General-purpose pre-trained models ("foundation models") have enabled practitioners to produce generalizable solutions for individual machine learning problems with datasets that are significantly smaller than those required for learning from scratch. Such models are typically trained on large and diverse datasets with weak supervision, consuming much more training data than is available for any individual downstream application. In this paper, we describe the Visual Navigation Transformer (ViNT), a foundation model that aims to bring the success of general-purpose pre-trained models to vision-based robotic navigation. ViNT is trained with a general goal-reaching objective that can be used with any navigation dataset, and employs a flexible Transformer-based architecture to learn navigational affordances and enable efficient adaptation to a variety of downstream navigational tasks. ViNT is trained on a number of existing navigation datasets, comprising hundreds of hours of robotic navigation from a variety of different robotic platforms, and exhibits positive transfer, outperforming specialist models trained on singular datasets. ViNT can be augmented with diffusion-based subgoal proposals to explore novel environments, and can solve kilometer-scale navigation problems when equipped with long-range heuristics. ViNT can also be adapted to novel task specifications with a technique inspired by prompt-tuning, where the goal encoder is replaced by an encoding of another task modality (e.g., GPS waypoints or routing commands) embedded into the same space of goal tokens. This flexibility and ability to accommodate a variety of downstream problem domains establishes ViNT as an effective foundation model for mobile robotics. For videos, code, and model checkpoints, see our project page at https://visualnav-transformer.github.io.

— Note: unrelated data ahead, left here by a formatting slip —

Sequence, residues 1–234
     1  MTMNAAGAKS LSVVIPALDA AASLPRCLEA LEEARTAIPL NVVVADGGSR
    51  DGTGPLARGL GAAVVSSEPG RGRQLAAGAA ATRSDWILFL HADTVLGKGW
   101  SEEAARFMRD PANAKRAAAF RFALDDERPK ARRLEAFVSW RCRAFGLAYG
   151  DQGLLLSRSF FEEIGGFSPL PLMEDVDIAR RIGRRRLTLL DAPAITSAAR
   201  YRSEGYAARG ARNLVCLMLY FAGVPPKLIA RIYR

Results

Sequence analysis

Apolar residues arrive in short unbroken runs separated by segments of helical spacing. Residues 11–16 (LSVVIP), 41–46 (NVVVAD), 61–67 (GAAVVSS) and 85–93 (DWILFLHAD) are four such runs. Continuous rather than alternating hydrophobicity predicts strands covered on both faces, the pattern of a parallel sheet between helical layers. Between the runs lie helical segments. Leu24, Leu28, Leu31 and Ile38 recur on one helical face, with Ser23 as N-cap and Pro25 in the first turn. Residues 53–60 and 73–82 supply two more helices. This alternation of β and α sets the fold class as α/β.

We present a system that enables an autonomous small-scale RC car to drive aggressively from visual observations using reinforcement learning (RL). Our system, FastRLAP (faster lap), trains autonomously in the real world, without human interventions, and without requiring any simulation or expert demonstrations. Our system integrates a number of important components to make this possible: we initialize the representations for the RL policy and value function from a large prior dataset of other robots navigating in other environments (at low speed), which provides a navigation-relevant representation. From here, a sample-efficient online RL method uses a single low-speed user-provided demonstration to determine the desired driving course, extracts a set of navigational checkpoints, and autonomously practices driving through these checkpoints, resetting automatically on collision or failure. Perhaps surprisingly, we find that with appropriate initialization and choice of algorithm, our system can learn to drive over a variety of racing courses with less than 20 minutes of online training. The resulting policies exhibit emergent aggressive driving skills, such as timing braking and acceleration around turns and avoiding areas which impede the robot's motion, approaching the performance of a human driver using a similar first-person interface over the course of training.